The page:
Semi-living Steak

Semi-living Steak

Oron Catts & Ionat Zurr

The Semi-living Steak explores the implications of a near-future scenario in which lab-grown tissues is a source of food.

Advances in tissue engineering offers us the ability to grow, sustain and manipulate living tissues outside of the body. Currently this technology is used for scientific study, but in the near future it may be used for cultural purposes, specifically food.

In 2000, the first “steaks”, measuring 1cm in diameter, were composed of pre-natal skeletal muscles cells—cells taken from an unborn sheep—which were seeded on a degradable matrix. The “steaks” were incubated in a 3D tissue culture bioreactor and fed with fetal calf serum, a necessary nutrient for tissues grown in vitro. Considering the amount—and type—of materials used, specifically plastic and animal products, Semi-living Steak investigates, not only the use of lab-grown tissues for food, but also the ethical dilemmas that accompany this use.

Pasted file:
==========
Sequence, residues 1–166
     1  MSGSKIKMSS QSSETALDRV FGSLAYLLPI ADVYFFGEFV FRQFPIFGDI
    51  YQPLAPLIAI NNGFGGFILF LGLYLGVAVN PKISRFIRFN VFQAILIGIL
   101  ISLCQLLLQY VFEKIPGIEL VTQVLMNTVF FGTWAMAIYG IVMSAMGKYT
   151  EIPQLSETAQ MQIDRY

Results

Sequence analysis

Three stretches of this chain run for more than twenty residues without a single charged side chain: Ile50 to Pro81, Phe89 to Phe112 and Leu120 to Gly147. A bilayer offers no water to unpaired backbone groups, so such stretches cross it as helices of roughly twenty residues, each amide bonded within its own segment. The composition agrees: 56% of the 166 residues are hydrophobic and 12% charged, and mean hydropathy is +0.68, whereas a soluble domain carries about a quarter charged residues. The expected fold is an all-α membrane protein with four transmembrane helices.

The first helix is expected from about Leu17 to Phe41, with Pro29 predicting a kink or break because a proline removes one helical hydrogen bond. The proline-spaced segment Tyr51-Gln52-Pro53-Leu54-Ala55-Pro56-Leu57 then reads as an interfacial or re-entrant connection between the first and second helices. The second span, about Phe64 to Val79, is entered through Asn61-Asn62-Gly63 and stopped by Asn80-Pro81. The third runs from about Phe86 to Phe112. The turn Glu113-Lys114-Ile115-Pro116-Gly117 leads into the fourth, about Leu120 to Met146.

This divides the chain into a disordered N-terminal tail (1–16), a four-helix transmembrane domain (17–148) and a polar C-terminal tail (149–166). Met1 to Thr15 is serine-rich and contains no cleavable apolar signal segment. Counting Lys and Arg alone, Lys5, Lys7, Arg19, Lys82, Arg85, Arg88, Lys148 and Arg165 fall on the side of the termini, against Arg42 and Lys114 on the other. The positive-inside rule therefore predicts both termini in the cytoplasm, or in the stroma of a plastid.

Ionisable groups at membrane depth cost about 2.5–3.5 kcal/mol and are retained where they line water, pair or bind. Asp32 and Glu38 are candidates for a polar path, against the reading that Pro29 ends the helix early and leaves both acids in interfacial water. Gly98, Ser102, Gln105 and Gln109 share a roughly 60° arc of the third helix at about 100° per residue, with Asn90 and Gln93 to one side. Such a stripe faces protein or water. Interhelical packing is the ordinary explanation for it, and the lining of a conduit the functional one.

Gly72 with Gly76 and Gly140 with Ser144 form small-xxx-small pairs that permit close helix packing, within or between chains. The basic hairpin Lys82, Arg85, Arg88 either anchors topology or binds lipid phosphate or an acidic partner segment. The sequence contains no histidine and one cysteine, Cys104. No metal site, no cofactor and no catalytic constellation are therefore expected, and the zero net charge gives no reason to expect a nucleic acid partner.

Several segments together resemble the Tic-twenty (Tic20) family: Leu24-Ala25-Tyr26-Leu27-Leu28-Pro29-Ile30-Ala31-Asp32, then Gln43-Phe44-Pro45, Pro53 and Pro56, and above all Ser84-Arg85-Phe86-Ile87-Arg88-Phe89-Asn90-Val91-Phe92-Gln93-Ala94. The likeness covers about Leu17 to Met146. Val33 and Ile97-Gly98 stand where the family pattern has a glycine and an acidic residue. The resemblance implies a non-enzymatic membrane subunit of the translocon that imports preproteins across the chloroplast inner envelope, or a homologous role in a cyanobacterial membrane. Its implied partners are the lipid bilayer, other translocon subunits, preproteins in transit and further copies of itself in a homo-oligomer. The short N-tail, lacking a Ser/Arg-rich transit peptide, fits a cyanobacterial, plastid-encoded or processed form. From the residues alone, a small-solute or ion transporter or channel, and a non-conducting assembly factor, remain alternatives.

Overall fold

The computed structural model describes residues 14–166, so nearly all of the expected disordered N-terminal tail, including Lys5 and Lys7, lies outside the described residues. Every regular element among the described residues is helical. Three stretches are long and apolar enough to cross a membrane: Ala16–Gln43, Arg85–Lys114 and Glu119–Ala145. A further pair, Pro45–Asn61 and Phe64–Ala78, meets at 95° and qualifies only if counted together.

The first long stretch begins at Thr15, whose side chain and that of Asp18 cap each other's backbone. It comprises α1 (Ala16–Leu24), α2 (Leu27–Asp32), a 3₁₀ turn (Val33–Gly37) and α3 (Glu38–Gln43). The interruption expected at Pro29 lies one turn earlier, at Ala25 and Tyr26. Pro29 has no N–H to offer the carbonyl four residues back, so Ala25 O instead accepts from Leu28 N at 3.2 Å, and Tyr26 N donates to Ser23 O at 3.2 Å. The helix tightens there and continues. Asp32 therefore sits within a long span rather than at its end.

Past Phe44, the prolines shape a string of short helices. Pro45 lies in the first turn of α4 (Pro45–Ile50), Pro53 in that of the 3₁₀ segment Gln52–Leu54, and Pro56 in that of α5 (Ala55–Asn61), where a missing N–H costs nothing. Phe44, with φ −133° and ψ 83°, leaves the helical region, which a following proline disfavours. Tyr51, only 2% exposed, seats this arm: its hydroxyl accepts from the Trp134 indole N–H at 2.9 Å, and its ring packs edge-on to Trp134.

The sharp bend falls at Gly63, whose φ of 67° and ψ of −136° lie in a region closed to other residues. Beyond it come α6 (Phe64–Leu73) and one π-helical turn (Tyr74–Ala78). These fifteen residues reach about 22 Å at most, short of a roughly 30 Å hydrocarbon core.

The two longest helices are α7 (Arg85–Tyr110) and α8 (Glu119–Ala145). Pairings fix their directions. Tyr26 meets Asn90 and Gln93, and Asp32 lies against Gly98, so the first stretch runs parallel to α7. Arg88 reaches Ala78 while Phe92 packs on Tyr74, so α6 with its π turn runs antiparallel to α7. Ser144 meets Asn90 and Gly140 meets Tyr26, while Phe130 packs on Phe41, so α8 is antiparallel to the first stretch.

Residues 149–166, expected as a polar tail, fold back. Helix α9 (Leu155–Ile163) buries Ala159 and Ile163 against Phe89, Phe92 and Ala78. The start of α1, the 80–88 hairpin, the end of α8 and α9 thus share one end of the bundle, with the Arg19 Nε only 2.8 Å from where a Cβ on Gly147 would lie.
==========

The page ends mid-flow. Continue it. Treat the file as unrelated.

The Semi-living Steak was the outcome of a residency at the Tissue Engineering & Organ Fabrication Laboratory at Harvard Medical School in 2000. To the knowledge of the TC&A Project, The Semi-living Steak is the first known proof-of-concept for using tissue culture exclusively for food.

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